So where are we headed in Talbot County? These are challenging times; but we generally trust our Census, and 2020’s findings don’t surprise us. We might have guessed that Talbot County’s household incomes are 6th highest in Maryland.
We’ve also been ranked 1st in Maryland by SmartAsset for our small business environment. Their criteria focused upon higher business incomes and lower tax rates. The Eastern Shore generally ranked favorably.
Counties at the top nationally included Petersburg, Alaska; Sully, South Dakota; Haskell, Kansas; and Bristol Bay, Alaska. Ever heard of them? The lesson here may be “don’t get too big.” Get too many people, and before you know it you need more roads, more police, more schools, more utilities, and more taxes. So it could be a good thing that Talbot County’s population was up slightly over the past 2 years, but still down since the 2010 Census.
Talbot County also has the second lowest income tax rate of Maryland’s 24 jurisdictions. It can be more difficult to hire teachers, police, and firefighters when we pay less, but our Comprehensive Plan keeps us green and desirable – and our environmental and fiscal concerns might not be challenged, so long as we can hold onto it.
Maryland’s median age is 38.3. Talbot County’s is 50.5, up from 47.4 in 2010; and according to Maryland’s 2019 Vital Statistics Report, we could continue to head in this direction. Talbot County also has both lower death rates and lower birth rates than all but 3 other Maryland counties. Hopefully our businesses won’t need many more employees. 38 percent of our workers are already coming from outside the county, and affordable housing is in short supply.
According to Census Bureau QuickFacts, 86.1 percent of us have internet access; but most of us know someone struggling with a poor connection or no connection at all. Talbot County may be Maryland’s 6th wealthiest county, but funding infrastructure can be challenging with the state’s second lowest tax rate. Fortunately, we have federal assistance.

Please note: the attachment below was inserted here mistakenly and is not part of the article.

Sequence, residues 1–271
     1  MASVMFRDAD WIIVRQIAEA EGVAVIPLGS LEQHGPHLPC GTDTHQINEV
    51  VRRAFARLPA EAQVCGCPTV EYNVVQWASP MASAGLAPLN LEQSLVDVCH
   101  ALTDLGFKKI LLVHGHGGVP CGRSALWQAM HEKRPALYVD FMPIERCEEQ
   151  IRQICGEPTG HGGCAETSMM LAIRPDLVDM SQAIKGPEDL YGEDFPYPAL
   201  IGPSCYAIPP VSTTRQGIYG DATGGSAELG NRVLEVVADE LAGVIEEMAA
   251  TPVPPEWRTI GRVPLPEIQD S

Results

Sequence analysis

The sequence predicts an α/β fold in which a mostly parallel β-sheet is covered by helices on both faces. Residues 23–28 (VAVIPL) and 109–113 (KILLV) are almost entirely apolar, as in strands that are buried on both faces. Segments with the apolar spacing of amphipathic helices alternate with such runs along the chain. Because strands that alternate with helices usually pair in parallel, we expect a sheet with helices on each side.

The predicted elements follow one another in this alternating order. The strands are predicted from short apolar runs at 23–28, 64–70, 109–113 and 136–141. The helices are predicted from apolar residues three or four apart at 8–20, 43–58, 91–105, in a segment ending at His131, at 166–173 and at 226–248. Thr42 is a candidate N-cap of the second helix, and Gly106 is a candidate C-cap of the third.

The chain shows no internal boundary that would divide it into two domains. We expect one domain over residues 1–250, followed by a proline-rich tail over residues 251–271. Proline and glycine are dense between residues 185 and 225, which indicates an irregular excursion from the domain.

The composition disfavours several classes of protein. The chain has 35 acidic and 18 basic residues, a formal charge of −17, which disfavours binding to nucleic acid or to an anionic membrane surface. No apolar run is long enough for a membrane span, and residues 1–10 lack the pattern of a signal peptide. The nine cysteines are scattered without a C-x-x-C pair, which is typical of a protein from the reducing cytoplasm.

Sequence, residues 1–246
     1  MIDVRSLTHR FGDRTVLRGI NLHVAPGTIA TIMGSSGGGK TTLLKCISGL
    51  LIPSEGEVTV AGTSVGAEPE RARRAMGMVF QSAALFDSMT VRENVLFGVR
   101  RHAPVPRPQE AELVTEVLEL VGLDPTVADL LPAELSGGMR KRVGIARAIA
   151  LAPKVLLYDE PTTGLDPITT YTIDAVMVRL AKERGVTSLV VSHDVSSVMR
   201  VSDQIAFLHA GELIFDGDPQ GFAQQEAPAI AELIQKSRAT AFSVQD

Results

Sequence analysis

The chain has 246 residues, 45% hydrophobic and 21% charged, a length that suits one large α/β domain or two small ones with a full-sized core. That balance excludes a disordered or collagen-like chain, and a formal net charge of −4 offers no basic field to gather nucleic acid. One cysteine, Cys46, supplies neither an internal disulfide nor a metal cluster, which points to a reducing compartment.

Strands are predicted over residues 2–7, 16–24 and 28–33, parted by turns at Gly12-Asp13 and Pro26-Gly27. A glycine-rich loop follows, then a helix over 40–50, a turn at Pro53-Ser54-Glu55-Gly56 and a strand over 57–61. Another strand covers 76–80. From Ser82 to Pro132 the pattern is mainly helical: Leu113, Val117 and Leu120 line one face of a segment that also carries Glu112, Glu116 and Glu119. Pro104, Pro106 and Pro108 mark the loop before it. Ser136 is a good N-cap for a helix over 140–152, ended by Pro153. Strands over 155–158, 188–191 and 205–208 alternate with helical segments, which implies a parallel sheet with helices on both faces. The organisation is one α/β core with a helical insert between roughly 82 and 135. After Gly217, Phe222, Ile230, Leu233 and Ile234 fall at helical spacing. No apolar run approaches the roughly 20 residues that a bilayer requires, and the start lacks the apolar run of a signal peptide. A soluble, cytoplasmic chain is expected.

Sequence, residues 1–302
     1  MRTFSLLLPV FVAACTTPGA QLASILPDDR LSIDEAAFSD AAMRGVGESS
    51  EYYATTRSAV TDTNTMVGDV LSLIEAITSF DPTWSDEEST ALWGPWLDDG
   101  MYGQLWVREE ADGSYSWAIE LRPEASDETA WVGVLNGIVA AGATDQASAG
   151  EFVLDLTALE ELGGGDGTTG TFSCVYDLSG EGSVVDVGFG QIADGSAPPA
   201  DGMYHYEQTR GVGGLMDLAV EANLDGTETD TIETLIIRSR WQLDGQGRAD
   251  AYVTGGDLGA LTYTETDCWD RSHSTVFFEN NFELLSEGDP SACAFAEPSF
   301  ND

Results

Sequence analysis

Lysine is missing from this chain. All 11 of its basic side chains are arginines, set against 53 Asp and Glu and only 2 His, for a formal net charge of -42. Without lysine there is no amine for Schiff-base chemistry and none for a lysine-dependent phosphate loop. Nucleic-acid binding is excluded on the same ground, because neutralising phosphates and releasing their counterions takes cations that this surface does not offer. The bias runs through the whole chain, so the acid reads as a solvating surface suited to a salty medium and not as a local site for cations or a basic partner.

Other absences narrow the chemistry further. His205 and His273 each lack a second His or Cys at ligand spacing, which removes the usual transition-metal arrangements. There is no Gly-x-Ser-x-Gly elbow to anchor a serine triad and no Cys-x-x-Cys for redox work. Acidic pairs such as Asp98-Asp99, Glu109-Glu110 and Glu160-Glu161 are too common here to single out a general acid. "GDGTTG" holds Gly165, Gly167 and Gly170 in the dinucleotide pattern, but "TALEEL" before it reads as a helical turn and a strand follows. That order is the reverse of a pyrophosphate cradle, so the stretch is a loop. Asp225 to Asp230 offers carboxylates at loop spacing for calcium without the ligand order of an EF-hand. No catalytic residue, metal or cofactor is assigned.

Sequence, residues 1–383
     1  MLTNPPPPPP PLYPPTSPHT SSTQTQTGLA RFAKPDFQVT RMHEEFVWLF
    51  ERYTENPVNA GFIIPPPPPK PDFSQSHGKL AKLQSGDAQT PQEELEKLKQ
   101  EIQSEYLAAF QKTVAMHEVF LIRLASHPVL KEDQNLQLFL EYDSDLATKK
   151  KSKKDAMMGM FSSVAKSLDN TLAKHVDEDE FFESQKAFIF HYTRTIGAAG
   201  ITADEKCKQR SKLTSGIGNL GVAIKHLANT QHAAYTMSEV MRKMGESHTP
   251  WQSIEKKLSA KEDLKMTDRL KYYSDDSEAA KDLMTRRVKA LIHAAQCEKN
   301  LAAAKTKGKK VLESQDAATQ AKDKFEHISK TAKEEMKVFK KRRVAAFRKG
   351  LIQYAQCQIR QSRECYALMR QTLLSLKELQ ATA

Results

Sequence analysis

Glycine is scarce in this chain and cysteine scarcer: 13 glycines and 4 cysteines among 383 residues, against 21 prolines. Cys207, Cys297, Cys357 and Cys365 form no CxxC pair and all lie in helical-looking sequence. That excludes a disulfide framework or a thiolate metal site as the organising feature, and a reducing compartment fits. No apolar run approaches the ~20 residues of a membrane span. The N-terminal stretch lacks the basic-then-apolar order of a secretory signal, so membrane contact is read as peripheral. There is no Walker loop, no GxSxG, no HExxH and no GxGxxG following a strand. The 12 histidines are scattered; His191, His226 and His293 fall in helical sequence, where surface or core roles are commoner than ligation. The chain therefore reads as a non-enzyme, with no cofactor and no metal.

Many of our young people are leaving to find more affordable housing or pursue opportunities elsewhere, but more might stay with broadband access. Retirees will likely continue to be a higher percentage of our population for the foreseeable future; but developers could impact all these outcomes. We’re feeling that pressure constantly.
Approximately 70 percent of Talbot County’s land is still devoted to agriculture, but our proximity to large bodies of water may be the reason many of us come here. Talbot County is beautiful; but blessed with so much shoreline that we are also particularly vulnerable to the effects of climate change.
Sea level rise is virtually certain, and we’re already seeing evidence of this in Dorchester County and along the shores of Tilghman Island. Elevations below 5’ cover pretty much every shore of our county, and with an average elevation of 35’ across the Delmarva Peninsula and 23’ in Easton, a three-foot higher tide could swamp considerable portions of Talbot County.
We routinely address developmental and environmental issues at state and local levels; but climate change is most effectively addressed nationally, and it could concern us that the congressman currently serving us has a 3% score from the League of Conservation Voters.
As his voting record confirms, he has voted against bills for cleaning up sewage and septic systems, clean energy research, regulation of several chemicals harmful to the environment, Environmental Protection Agency programs, a carbon tax, remaining in the Paris Climate Agreement, the implementation of ozone standards, reduced emissions for energy companies, a rule protecting streams, minimum energy-efficiency standards for appliances, requirements that power plants emit less pollution, and even designating PFAS leaking into the Bay from military installations as hazardous chemicals.
A healthy environment is fundamental to a community’s well-being, and it’s becoming clearer every day that the threats posed by climate change are real. Competing interests must be weighed and balanced, of course; but it seems that Andy Harris has lost this ability when it comes to planning for a sustainable future.
Having suggested that he would serve no more than 12 years and introduced a bill mandating this time limit, by his own reckoning his time is up. Ours isn’t yet, though; and in this case, change would seem to be in our best interests.